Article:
Shouldn’t Americans be free to pursue happiness without paying for someone else’s unhappiness?

David Kiefer


Rebuttal time

Re “What is racist?” (Letters, by Richard Stephens, Oct. 26):

Today we live in a world where everything is open to interpretation, regardless of the facts. Mr. Stephens says, the two gentlemen behind me at the gym are “obviously more familiar with the world” than I because they have the facts and I don’t?

Stephens says, “I’m guessing he only did this because he himself is very tolerant.” No, I am not, not when it comes to idiots spouting off their racist [garbage].

Further, Stephens says, “Industry moguls agree that Jewish influence in media is undeniable.” Like Oliver Stone and maybe Mel Gibson, paragons of virtue? What is undeniable is that there are a lot of people in the entertainment industry who are Jewish just like there are a lot of white people and/or Italians and/or African-Americans (in growing numbers) in the entertainment industry. So Harvey Weinstein is Jewish—does that make all of us Jews disgusting sexual predators? Oh wait, don’t answer that.

And yes, Mr. Stephens, I am the same man who is president of the Atheists of Butte County and I successfully petitioned the Chico City Council to follow the U.S. Constitution and allow secular invocations.

George Gold


Acknowledge the threat

Re “Military madness in the Trump era” (Guest comment, by Chris Nelson, Oct. 19):

The title of the guest comment suggests that there would be less military madness in a Hillary era. Hillary was/is very much a hawk, as are a large majority of elected Democrats.

In the Senate recently, only Democrats Kirsten Gillibrand (New York), Patrick Leahy (Vermont), Jeff Merkley (Oregon) and Ron Wyden (Oregon) and Independent Bernie Sanders (Vermont) voted no on the National Defense Authorization Act. In the House, 60 percent of Democrats voted for a defense budget bigger than Trump’s budget, by $57.4 billion more.

During the 2016 campaign, Hillary proudly touted her hawkishness, while Trump promised to end military interventions all over the world. Trump is hollowing out the State Department, the instigator of regime change to protect the national interest in the guise of democracy promotion; but he is certainly not reining in the military.

Citizens ought to be concerned that the entrenched foreign policy establishment joined with the military industrial complex drives foreign policy, and a president with different ideas would be seduced, defenestrated or gotten rid of.

This threat needs to be acknowledged, so when the U.S. elects a president who does not agree that military actions are the solution to conflict, an engaged and watchful citizenry will be some protection.

Lucy Cooke

Butte Valley

The inevitable end

Re “Departing” (Cover story, by CN&R staff, Oct. 26):

The definition of death, by our human standards, is when our bodies and minds stop working. It’s how we react to it that matters, be it clinically, dramatically, or with acceptance. Death is often a tragedy in Western culture. No large celebrations but small gatherings of friends and families in grieving. For the young, it’s the monster in the night, but for the old it’s what they’ve been waiting for all their lives. We fantasize about it. We write stories about defying it, bargaining with it and even becoming it. But it’s completely unavoidable. How and why we accept it is ultimately what matters to the living.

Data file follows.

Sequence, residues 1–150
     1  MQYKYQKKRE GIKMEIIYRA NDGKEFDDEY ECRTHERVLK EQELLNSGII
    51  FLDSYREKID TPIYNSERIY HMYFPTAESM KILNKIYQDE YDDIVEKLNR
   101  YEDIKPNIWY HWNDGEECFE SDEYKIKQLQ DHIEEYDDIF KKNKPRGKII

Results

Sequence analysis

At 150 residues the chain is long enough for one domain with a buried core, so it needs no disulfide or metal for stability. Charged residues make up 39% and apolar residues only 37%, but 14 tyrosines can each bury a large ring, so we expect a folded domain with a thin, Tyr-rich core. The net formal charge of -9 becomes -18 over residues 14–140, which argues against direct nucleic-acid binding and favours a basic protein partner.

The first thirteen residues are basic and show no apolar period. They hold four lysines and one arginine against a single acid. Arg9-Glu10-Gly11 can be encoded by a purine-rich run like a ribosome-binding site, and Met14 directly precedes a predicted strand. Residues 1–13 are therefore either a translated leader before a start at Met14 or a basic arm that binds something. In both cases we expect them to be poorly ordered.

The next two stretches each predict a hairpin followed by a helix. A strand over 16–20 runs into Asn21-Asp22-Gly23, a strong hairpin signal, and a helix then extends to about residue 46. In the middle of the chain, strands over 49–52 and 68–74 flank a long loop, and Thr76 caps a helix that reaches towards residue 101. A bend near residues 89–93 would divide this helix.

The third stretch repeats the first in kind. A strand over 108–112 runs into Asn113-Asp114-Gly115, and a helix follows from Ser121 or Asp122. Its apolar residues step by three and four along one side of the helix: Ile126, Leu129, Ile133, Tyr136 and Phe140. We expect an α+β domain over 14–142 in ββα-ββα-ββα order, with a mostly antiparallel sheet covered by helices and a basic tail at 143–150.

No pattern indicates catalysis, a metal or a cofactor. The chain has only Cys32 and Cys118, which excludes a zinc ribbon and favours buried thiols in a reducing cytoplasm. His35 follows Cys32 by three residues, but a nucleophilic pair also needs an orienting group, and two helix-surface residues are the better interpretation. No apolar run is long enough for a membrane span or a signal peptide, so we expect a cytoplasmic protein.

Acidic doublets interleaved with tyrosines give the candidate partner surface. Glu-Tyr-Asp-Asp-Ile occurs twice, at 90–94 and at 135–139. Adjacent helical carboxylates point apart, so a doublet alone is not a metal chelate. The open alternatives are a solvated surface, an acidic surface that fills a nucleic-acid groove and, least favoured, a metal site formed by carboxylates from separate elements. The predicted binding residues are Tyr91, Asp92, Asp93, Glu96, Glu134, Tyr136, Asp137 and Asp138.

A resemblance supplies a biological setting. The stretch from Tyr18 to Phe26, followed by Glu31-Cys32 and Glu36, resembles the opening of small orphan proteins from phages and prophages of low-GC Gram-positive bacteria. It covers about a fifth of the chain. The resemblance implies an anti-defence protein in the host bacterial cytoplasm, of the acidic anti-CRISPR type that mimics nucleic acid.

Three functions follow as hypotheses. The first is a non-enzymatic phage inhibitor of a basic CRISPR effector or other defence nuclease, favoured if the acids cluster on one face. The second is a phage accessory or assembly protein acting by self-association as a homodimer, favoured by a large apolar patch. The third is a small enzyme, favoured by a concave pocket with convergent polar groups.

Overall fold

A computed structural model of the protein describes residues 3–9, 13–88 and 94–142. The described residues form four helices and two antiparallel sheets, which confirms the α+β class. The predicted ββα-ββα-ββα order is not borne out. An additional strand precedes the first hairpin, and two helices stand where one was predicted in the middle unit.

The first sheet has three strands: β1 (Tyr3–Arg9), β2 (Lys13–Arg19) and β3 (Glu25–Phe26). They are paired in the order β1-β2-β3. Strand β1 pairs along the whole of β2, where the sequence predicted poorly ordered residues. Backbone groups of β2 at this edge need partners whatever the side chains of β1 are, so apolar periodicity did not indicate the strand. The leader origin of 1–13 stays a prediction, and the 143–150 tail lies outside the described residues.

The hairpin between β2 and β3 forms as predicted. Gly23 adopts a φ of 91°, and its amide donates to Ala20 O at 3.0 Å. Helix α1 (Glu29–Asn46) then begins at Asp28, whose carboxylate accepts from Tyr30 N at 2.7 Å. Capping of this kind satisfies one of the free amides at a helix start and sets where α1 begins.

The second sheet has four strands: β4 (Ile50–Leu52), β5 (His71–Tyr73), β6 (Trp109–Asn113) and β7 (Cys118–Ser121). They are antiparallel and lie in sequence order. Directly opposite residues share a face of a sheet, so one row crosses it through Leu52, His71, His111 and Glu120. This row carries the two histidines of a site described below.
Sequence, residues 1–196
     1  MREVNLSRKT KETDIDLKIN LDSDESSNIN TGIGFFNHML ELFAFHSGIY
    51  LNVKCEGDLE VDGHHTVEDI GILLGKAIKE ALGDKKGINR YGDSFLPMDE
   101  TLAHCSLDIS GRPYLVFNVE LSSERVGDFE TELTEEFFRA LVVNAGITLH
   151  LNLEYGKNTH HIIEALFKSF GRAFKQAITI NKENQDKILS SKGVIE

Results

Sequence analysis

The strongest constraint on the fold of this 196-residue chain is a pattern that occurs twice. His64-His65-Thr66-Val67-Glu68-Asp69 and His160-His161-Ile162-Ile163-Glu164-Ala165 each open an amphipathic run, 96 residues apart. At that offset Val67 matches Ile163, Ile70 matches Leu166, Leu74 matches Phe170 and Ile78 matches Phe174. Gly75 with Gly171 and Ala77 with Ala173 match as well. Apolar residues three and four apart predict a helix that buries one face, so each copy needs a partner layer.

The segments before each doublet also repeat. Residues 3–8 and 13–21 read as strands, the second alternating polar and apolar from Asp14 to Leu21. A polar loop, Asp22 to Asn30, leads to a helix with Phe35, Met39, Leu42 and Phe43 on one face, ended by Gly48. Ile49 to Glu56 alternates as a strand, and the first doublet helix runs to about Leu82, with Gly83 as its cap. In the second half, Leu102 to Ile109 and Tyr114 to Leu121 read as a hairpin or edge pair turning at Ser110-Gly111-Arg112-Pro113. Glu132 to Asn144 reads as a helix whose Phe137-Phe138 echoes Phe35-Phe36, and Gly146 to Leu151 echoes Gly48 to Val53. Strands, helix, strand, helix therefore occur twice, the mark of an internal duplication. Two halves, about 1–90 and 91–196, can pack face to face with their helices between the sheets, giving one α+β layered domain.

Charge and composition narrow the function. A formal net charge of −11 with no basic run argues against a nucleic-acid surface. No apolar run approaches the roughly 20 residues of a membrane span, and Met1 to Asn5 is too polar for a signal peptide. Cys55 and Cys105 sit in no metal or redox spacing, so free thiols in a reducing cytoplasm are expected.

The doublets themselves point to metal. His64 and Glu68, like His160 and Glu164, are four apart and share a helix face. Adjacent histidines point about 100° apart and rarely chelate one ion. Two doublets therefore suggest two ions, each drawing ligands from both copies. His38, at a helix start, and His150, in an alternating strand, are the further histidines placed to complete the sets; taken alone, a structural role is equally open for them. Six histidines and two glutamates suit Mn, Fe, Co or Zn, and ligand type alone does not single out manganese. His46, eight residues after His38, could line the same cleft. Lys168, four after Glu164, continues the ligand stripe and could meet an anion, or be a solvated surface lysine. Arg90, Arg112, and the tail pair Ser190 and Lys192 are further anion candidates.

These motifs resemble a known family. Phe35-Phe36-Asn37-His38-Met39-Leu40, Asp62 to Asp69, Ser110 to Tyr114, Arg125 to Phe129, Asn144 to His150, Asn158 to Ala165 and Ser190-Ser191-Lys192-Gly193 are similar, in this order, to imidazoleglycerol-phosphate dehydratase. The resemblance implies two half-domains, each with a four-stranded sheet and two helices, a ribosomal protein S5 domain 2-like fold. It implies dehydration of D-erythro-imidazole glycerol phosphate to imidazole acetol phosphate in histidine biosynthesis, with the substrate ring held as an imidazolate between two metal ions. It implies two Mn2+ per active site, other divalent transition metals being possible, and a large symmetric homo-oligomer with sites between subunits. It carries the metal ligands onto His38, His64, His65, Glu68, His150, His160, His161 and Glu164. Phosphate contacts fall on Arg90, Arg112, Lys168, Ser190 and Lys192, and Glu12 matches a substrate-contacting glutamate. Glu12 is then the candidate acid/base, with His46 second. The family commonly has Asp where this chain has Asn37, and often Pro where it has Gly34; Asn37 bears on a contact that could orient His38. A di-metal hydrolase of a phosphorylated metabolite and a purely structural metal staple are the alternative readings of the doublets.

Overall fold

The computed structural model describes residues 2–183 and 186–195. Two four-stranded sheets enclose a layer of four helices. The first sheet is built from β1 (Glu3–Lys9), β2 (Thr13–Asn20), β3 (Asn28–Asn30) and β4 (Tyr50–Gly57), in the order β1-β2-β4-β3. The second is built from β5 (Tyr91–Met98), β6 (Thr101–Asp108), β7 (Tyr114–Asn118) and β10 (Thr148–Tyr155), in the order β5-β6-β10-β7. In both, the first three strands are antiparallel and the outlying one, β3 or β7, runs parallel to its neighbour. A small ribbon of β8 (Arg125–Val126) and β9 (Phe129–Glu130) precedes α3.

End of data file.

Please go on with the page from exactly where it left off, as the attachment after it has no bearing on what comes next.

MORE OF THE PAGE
Ben Boyer


He concurs

Re “Boorish bullying” (Guest comment, by Jaime O’Neill, Nov. 2):

On target and well-written, Jaime. I couldn’t agree more.

Dean Carrier


Fee for flowers

Well, well, well. It finally happened. My prediction has materialized. I’ve said for years that as soon as state official figure out a way to capitalize from the Table Mountain wildflower season and the crowds it attracts, they will. Starting Jan. 1, the state is planning to charge a fee to enter the Table Mountain wildflower areas.

We all need to thank the local media and recreation departments that, despite much protest, continued to promote this yearly event until it became an out-of-control circus. Kudos to the CN&R. I wrote in twice asking you to please back off the promoting, and from what I saw, someone listened.

Ken Mack


Editor’s note: Starting in 2018, visitors to the North Table Mountain Ecological Reserve will need to purchase a lands pass from the California Department of Fish and Wildlife. Go to www.wildlife.ca.gov/Licensing/Lands-Pass to learn more.

A note of thanks

Once again, I am amazed at the generosity of the Chico community. Specifically, I’m referring to the Chico Community Scholarship Association’s (CCSA) recent fundraiser, where we raised more money than the previous year’s record donation levels. This level of success could never happen without our supporters’ willingness to open their wallets to help students achieve their education goals.

A special thanks goes to the following local businesses whose gifts were critical to our success: Mooney Farms, Art Etc., Sohnrey Family Foods, Lundberg Family Farms, Live Vine Vineyard & Winery, Pour House, Valley Oak Veterinary Center, Fresh Prep 2 Go, The Hair Co., Dr. Thomas FACS, Mecca Salon, Massage by Candi, Canyon Oaks Country Club, Chico Dental Care, Collier Hardware, Tom Foolery, Mike Halldorson, and of course our hosts for the evening, Beatniks Coffee House & Breakfast Joint.

To our business donors and to everyone who supported us by attending our fundraiser, the CCSA board of directors gives you a standing ovation. We had great attendance and a good time was had by all. Most importantly, thank you for helping the CCSA provide scholarships to our local high school graduating seniors. What can be better than that? Hopefully we’ll see you again next year.

Bob Evans